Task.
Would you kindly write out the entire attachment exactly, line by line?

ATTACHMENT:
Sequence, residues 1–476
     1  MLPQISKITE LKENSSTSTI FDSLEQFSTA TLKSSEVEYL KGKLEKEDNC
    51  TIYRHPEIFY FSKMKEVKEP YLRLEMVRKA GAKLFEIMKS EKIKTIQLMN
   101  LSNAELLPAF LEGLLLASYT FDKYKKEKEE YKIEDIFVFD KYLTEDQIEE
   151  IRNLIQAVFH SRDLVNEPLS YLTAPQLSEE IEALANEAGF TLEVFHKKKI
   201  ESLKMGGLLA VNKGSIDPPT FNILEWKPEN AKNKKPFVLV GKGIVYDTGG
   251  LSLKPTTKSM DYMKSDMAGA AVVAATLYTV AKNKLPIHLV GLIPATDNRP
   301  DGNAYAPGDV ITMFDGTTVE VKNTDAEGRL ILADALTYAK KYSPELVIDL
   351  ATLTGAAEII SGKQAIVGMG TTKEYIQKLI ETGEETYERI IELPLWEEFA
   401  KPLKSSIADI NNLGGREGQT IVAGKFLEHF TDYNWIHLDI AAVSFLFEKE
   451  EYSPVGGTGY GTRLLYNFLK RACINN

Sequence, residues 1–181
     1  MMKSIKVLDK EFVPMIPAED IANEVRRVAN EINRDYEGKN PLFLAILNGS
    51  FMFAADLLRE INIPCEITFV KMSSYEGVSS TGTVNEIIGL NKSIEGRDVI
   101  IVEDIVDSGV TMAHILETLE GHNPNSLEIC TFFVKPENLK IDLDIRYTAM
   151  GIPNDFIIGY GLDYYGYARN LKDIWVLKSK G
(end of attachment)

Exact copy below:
Sequence, residues 1–476
     1  MLPQISKITE LKENSSTSTI FDSLEQFSTA TLKSSEVEYL KGKLEKEDNC
    51  TIYRHPEIFY FSKMKEVKEP YLRLEMVRKA GAKLFEIMKS EKIKTIQLMN
   101  LSNAELLPAF LEGLLLASYT FDKYKKEKEE YKIEDIFVFD KYLTEDQIEE
   151  IRNLIQAVFH SRDLVNEPLS YLTAPQLSEE IEALANEAGF TLEVFHKKKI
   201  ESLKMGGLLA VNKGSIDPPT FNILEWKPEN AKNKKPFVLV GKGIVYDTGG
   251  LSLKPTTKSM DYMKSDMAGA AVVAATLYTV AKNKLPIHLV GLIPATDNRP
   301  DGNAYAPGDV ITMFDGTTVE VKNTDAEGRL ILADALTYAK KYSPELVIDL
   351  ATLTGAAEII SGKQAIVGMG TTKEYIQKLI ETGEETYERI IELPLWEEFA
   401  KPLKSSIADI NNLGGREGQT IVAGKFLEHF TDYNWIHLDI AAVSFLFEKE
   451  EYSPVGGTGY GTRLLYNFLK RACINN

Sequence, residues 1–181
     1  MMKSIKVLDK EFVPMIPAED IANEVRRVAN EINRDYEGKN PLFLAILNGS
    51  FMFAADLLRE INIPCEITFV KMSSYEGVSS TGTVNEIIGL NKSIEGRDVI
   101  IVEDIVDSGV TMAHILETLE GHNPNSLEIC TFFVKPENLK IDLDIRYTAM
   151  GIPNDFIIGY GLDYYGYARN LKDIWVLKSK G